Why empathy is the answer to shifting customer expectations

Restaurants are competing with apps and websites for attention — but humanity and hospitality can give them an edge, says Darden Restaurants’ Ali Charri.

Ipsos | What the Future: Work | Why empathy is the answer to shifting customer expectations
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  • Kate MacArthur Managing Editor of What the Future
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In the new world of work, service industries have to navigate customer and staffing shifts related to remote work, labor shortages and the rise in delivery. Darden Restaurants, the largest full-service restaurant company in the U.S. with nearly 1,900 locations across eight brands, ranging from Olive Garden to The Capital Grille, has faced these issues firsthand. While technology has driven many changes, Ali Charri, Darden’s senior vice president of strategy and insights, believes the key to winning in this era of flexibility is human empathy.

Kate MacArthur: What do people value now in a service experience and going forward?

Ali Charri: We’ve been talking about convenience for years and the convenience trends are here to stay. When you think about flexibility and you talk about convenience at the same time, they go hand in hand.

The reason we’ve seen an explosion in demand for delivery is driven by convenience. The reason we’ve seen an explosion in the growth and adoption of technology is driven by convenience. And it was the driver of the growth in demand for off-premise [takeout and curbside].

MacArthur: How does that change peoples’ expectations for service?

Charri: It changes a lot of things, not just our expectations. We’ve separated products from experiences. In the past, when you wanted to go and buy a pair of shoes, you would go to the mall, and you would get excited about it. It was an event. Now all you do is go online and order three pairs of shoes from somewhere and you try one at home and you return the other two.

That excitement has been stripped out of that experience. As a result, technology has made many experiences more transactional. Tech is also changing the customer service model. It’s impacting how we deliver service to the customer.

MacArthur: How do you get the human factor right in services, and particularly dining?

Charri: As an industry, we should double down on the concept of real human service or service anchored in humanity. We are in the people business. Food has always been the basis for social life.

MacArthur: How do service providers balance experiences to be how and when people want services?

Charri: That’s the challenge, and the key word here is balance. Technology is wonderful as long as it's used properly. At least in the full-service segment, we want technology to enhance the service experience, but not replace it. Unfortunately, you’re seeing some operators out there starting to use technology as a complete replacement for human service. And the reason why in the long term is it's more economical, more efficient. And in the short term, given the labor challenges, it’s a solution. Delivery is doing well but that model is difficult to navigate. The third-party delivery providers are not making money, the restaurant operators are not making money, and the consumer is paying a premium for a less optimal product. I don’t know how sustainable it is.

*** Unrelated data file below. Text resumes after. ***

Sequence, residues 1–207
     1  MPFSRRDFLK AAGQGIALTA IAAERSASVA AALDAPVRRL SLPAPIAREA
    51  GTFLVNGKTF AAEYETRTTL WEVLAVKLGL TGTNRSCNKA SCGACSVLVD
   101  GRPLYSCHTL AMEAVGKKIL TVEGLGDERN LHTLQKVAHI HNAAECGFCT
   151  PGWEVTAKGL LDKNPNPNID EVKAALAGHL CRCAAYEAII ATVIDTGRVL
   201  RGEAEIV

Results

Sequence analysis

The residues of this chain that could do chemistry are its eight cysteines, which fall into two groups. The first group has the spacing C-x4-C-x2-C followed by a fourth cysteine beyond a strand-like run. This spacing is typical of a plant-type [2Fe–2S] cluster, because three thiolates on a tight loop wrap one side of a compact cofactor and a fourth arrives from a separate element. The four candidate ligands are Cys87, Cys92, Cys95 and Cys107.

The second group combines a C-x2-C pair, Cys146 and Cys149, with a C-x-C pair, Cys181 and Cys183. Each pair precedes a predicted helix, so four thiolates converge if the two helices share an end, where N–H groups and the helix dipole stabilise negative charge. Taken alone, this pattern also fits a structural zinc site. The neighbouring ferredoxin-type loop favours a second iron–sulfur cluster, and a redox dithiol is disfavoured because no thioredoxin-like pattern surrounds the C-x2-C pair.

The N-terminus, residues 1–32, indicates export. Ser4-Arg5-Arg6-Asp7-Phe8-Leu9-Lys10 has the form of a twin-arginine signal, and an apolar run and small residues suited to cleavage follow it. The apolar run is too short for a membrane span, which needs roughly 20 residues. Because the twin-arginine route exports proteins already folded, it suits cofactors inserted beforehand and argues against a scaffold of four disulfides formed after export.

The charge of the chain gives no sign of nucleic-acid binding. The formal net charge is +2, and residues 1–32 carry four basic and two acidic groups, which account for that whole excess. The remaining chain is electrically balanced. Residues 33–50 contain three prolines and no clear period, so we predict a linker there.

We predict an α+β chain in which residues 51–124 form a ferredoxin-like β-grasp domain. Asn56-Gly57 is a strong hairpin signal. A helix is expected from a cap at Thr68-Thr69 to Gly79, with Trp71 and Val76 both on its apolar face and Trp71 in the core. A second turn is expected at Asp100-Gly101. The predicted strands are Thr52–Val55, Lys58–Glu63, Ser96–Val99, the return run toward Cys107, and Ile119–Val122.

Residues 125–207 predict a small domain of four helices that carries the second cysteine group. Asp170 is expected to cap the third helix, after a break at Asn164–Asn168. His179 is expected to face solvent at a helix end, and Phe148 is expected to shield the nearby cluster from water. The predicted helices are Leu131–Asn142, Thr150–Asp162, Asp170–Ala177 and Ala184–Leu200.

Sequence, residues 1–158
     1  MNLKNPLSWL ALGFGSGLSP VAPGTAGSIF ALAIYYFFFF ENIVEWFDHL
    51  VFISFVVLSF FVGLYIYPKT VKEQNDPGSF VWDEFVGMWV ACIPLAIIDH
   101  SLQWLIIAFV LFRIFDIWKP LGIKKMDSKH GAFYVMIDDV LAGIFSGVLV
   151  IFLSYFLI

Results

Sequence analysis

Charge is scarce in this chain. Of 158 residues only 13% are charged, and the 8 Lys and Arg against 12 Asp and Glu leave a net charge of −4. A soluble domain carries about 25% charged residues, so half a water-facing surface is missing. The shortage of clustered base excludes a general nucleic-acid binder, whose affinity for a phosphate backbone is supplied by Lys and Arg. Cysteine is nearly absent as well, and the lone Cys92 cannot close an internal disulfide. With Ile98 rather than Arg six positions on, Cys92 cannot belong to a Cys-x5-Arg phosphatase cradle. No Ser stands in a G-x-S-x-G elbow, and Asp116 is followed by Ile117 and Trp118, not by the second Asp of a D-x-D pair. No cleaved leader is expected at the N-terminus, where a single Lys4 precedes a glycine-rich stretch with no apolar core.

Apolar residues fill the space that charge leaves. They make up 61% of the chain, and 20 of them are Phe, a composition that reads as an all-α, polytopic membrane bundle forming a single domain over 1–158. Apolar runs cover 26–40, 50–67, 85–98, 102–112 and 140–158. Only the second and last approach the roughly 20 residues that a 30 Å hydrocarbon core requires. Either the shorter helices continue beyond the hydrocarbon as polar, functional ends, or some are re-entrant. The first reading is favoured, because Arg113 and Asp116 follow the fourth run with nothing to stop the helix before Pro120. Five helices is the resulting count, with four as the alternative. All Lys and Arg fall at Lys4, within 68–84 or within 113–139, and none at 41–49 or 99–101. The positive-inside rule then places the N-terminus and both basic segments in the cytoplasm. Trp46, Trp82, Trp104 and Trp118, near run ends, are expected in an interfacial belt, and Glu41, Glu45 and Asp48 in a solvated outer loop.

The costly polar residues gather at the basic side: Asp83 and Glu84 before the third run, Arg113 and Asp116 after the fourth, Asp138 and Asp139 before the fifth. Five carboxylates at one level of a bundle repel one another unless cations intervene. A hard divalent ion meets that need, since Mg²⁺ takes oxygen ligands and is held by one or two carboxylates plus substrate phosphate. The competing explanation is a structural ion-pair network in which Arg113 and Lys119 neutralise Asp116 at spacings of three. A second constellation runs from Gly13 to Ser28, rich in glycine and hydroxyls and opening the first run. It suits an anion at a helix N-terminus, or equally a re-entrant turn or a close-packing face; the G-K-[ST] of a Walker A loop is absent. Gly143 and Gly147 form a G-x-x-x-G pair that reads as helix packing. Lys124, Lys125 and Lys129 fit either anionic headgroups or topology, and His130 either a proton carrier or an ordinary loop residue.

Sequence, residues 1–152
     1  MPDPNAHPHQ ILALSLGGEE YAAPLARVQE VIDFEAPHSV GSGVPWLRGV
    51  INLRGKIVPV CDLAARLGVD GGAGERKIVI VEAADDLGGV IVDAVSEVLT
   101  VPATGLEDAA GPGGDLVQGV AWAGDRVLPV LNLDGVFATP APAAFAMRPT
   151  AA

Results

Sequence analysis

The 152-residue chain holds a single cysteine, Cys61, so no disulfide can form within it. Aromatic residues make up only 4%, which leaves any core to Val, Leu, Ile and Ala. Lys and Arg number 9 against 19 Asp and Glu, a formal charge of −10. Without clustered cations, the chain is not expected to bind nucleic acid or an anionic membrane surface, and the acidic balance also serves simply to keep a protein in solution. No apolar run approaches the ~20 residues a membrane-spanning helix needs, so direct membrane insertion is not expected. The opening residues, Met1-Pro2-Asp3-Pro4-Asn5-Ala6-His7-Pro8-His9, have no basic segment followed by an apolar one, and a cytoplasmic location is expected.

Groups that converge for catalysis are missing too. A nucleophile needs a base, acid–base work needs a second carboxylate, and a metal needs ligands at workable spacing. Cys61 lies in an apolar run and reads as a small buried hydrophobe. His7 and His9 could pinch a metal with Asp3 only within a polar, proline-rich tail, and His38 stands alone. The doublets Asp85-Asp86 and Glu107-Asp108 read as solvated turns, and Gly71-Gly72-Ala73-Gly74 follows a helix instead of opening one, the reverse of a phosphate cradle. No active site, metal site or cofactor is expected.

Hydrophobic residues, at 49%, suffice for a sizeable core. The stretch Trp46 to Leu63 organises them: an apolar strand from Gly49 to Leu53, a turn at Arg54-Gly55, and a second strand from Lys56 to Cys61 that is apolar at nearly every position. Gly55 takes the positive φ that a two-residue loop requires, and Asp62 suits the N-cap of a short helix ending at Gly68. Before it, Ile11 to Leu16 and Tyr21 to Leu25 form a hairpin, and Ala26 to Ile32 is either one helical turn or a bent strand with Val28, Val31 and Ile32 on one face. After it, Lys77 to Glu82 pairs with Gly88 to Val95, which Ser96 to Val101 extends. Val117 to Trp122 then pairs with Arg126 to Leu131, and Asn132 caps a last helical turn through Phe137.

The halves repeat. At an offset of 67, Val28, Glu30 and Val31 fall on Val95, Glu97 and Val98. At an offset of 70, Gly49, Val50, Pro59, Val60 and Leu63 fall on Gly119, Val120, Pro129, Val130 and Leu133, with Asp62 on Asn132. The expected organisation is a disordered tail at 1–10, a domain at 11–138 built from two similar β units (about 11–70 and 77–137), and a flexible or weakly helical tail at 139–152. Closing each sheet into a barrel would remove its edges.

MacArthur: How can brands prepare for uncertainties like labor shortages and tech issues?

Charri: You're always going to face challenges. This is not rocket science. Happy team members will lead to happy guests, and happy guests will lead to strong business performance and happy shareholders. Our team members take pride in serving our guests, and they'll do whatever it takes to make sure that they're satisfied.

MacArthur: How can any service brand learn from those things like team service to provide maximum service?

Charri: We leverage technology to enhance the experience. For instance, settling the check at the end of the meal. People don't want to wait 10 minutes for their check to show up and then another five minutes for the credit card transaction to be done. In some of our restaurants and some of our brands, we have pay-at-the-table devices where you don't even need to ask the server for the check. On the subject of training, what we try to emphasize is to teach our team members to serve with empathy. Empathy is about being nice and understanding. We want our guests to feel that they are being acknowledged, feel like somebody is actually thinking about them, and somebody wants to know them and ensure that they get what they need. Those are the kind of feelings we want to grow within people. There's another avenue to this.

MacArthur: What is that?

Charri: We are not just competing against other full-service restaurants or against delivery. We’re competing for people’s time. So, everything is being redefined unless we remind people of the specialness of being together and having real connections.

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The author(s)
  • Kate MacArthur Managing Editor of What the Future